A man who recently confessed to abusing a 9-year-old girl at a day-care facility in Littleton, Colo., once worked in a similar field in the Branson area, though no complaints about his behavior were ever filed.
Paul James Kerr, 33, of Glendale, Colo., was arrested in April 2011 on suspicions that he had assaulted children in his care.
According to a press release from the city of Littleton, the KinderCare center at which Kerr had been employed first reported the case to the Arapahoe County (Colo.) Department of Human Services after receiving a complaint from a parent.
Earlier this month, Kerr admitted to abusing a 9-year-old female at the center, according to another release. He also reportedly confessed to spying on a two girls, ages 10 and 5, on separate occasions while they were using the restroom.
The release said that, pursuant to a plea agreement, Kerr will serve only 45 days in jail, provided he completes 10 years of sex offender probation.
The program requires Kerr to undergo treatment and polygraph tests and imposes curfews and geographic boundaries. If he violates any of the conditions, he could be sentenced to between four years and life in prison.
According to Kim Ferber, a lieutenant for the Littleton Police Department, Kerr said he worked at Kanakuk Kamps from 1998-2005. He had lived in the area since at least 1997.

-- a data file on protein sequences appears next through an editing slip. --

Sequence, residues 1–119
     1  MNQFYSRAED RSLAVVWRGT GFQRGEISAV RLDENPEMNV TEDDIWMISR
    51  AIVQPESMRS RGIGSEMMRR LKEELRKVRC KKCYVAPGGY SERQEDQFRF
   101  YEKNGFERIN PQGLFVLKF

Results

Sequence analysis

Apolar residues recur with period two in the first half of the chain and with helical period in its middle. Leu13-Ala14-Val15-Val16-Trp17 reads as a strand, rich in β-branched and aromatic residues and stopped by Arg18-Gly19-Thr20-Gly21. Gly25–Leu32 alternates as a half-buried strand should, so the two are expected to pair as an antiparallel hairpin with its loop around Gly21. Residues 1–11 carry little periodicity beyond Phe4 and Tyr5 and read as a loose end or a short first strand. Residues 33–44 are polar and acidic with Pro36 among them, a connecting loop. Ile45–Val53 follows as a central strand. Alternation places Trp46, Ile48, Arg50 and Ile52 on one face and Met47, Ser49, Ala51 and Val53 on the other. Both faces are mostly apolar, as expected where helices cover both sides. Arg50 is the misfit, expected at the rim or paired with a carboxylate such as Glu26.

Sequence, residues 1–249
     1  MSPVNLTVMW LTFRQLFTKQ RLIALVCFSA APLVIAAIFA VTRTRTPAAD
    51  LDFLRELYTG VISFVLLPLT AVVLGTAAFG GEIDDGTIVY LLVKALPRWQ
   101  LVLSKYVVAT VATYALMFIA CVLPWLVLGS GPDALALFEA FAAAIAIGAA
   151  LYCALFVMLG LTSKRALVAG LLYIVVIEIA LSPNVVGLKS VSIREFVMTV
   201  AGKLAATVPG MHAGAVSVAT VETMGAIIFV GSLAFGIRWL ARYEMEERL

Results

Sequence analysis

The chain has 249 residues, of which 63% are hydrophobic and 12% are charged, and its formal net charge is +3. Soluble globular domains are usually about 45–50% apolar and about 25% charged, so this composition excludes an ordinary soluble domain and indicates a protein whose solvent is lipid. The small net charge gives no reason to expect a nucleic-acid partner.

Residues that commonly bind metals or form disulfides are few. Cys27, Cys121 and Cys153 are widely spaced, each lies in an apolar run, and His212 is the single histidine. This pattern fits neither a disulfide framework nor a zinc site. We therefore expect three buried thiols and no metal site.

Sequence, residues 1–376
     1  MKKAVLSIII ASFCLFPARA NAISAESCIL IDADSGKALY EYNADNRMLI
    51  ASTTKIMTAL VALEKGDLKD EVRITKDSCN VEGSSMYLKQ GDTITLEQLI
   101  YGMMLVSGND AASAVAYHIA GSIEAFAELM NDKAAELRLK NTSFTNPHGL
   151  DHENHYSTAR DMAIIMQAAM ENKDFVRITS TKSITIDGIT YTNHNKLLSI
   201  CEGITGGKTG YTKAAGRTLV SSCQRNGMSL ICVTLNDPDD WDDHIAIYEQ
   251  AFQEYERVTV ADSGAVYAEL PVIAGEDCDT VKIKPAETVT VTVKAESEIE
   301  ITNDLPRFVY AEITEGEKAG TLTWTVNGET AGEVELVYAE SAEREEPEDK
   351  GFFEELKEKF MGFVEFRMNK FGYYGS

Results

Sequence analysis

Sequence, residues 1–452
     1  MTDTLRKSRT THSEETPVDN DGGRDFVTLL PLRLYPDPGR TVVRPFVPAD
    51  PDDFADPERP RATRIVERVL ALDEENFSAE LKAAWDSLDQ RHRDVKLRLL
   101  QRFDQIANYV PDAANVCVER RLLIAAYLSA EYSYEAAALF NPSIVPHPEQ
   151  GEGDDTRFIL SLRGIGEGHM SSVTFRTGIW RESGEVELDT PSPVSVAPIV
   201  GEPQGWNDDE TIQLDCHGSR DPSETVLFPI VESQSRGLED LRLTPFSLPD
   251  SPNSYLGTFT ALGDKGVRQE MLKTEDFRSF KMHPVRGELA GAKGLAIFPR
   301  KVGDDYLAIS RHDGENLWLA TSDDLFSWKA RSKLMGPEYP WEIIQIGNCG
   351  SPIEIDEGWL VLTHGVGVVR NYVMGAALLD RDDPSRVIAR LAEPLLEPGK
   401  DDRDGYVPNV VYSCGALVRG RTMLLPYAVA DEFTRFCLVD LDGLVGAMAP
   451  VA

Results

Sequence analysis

Contacted this week, both Taney County Sheriff Jimmie Russell and Prosecuting Attorney Jeff Merrell said they have no records of complaints or referrals ever being filed against Kerr.
Ken Fields, spokesman for Kanakuk, confirmed Kerr was “a former seasonal staffer,” but said the camp could offer no additional information on the case.
“There is no indication of any inappropriate activity during that seasonal staffer’s time several years ago in Missouri,” he said.
This is not the first time sexual abuse cases have had ties to Kanakuk. Peter Daniel Newman, a former director of the camp, is currently serving more than two life sentences in state prison after pleading guilty in Taney County Circuit Court to multiple charges of molesting male campers.
In a 2009 statement shortly after the charges against Newman were filed, Kanakuk owners Joe and Debbie Jo White said his employment was terminated immediately when they became aware of his conduct.
And in March 2011, Edward Ringheim, of Windemere, Fla., was charged with molesting underage males, at least one of which he met while volunteering with a K-Life trip to Branson.
K-Life is a nationwide youth organization that began as a follow-up ministry to Kanakuk Kamps. According to its website, it now “runs parallel with, yet separate from” the camp.
Kanakuk and Newman are also defendants in two civil cases filed last year, one in Christian County and another in U.S. District Court in Dallas, Texas. Joe White is also a defendant in the federal suit.